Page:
Studies of Blue Voices

Nancy Eimers

          for my mother


A graph of the boatwhistle call of a toadfish is lovely in blue, like a child’s scribbles.


I imagine our quiet talk printed out as a waveform diagram in two versions, one light and one dark.


The manual says when the printer’s images start to fade, it is time to consider density ––


–– parts that are close together –– difficult to see through –– difficult to understand ––


Let’s keep our voices down –– but why? The other deck chairs might as well be miles away.


At a distance s’s glimmer, lemons, pencil, south, then turning, from signature to inland sea.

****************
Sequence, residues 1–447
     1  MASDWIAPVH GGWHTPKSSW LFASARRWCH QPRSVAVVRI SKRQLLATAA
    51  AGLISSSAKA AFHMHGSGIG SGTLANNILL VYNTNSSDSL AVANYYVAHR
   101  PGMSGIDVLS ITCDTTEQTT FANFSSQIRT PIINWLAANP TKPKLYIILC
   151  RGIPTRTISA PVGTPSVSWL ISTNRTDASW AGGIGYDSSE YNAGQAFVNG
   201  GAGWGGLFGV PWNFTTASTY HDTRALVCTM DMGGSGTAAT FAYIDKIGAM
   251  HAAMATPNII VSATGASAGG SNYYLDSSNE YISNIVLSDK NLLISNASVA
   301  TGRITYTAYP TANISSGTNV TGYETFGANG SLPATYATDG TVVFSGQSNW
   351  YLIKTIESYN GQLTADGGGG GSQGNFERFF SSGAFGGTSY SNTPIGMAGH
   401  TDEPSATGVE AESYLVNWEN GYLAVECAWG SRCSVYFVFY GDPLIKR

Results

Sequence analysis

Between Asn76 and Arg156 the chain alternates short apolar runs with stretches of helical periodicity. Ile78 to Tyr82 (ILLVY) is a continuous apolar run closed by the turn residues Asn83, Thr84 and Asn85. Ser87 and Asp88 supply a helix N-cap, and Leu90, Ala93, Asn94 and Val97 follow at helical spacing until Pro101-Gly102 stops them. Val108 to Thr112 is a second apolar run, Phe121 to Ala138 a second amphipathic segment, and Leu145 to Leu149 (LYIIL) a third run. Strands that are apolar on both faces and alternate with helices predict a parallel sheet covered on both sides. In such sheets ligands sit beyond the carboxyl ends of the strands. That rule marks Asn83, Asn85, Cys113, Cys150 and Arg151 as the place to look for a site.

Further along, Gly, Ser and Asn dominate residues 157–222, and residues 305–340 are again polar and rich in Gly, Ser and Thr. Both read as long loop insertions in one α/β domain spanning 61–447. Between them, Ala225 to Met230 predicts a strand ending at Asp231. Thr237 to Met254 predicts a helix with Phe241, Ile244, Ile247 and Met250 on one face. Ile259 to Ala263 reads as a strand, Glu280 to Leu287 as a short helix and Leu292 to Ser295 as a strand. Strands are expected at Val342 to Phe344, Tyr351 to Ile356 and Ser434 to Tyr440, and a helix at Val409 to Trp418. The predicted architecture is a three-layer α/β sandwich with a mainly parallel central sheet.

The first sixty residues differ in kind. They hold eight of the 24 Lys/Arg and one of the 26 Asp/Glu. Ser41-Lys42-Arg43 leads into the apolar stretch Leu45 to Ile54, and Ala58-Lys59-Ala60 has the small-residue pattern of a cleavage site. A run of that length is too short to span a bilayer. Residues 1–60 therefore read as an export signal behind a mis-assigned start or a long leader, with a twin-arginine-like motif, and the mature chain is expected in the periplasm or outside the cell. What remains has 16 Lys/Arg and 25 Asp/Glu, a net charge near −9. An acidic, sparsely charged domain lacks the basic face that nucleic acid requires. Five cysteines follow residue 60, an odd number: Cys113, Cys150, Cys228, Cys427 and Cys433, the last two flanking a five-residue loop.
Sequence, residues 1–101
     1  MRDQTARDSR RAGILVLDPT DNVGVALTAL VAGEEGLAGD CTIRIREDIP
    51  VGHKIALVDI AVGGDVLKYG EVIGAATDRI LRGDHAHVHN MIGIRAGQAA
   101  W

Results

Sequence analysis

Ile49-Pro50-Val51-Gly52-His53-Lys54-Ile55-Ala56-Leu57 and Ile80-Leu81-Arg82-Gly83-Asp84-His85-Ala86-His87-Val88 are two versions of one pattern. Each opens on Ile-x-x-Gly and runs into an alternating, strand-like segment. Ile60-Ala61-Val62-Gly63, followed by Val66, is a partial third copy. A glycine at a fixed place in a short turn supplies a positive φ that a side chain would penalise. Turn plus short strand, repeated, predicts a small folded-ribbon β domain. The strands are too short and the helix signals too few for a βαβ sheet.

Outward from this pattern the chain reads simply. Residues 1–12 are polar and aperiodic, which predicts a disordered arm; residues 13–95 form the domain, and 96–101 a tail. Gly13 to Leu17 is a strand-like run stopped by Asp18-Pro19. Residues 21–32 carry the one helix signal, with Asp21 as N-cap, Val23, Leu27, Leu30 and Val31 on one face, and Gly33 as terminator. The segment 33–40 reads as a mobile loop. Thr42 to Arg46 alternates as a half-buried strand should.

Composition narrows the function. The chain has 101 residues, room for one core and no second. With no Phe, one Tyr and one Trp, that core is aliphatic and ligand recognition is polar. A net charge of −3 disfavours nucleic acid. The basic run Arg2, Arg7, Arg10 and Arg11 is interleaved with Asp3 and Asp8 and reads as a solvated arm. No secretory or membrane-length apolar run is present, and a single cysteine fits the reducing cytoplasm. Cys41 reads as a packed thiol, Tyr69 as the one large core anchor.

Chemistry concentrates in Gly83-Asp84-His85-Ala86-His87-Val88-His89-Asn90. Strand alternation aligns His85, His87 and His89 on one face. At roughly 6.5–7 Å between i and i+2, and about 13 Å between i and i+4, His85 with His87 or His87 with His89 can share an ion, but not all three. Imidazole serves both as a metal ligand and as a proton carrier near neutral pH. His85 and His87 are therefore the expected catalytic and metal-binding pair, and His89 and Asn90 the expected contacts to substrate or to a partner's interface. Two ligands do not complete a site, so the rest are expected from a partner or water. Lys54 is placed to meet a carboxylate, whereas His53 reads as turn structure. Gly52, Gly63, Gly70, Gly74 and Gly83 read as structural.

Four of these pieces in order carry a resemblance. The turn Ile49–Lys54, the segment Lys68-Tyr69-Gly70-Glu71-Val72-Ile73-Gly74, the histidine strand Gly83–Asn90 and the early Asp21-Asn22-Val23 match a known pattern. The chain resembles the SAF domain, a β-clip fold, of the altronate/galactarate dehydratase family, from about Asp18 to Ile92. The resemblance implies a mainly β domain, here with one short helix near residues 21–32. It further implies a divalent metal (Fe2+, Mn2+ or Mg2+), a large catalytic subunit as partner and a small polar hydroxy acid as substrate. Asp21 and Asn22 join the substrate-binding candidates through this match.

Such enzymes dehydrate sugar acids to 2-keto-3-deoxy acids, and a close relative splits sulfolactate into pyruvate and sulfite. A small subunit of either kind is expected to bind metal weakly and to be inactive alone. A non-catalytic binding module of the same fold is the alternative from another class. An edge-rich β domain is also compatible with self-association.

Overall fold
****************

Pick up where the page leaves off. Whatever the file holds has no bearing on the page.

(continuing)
I’ll think of the toadfish evermore as blue though it’s mottled yellow/brownish-black


with button eyes like Raggedy Ann’s. Empty of time, empty of loud and empty of soft,


empty of pitch and duration, timbre, speed. Each a button stuck on pause.


Our voices travelled anyway, through time, in one side and out the other. Gone.


No trace of wind that day, the lemons hung each little density of their being there on trees.


In these studies left behind, our voices are blue, not sky or midnight: wild blue yonder blue.


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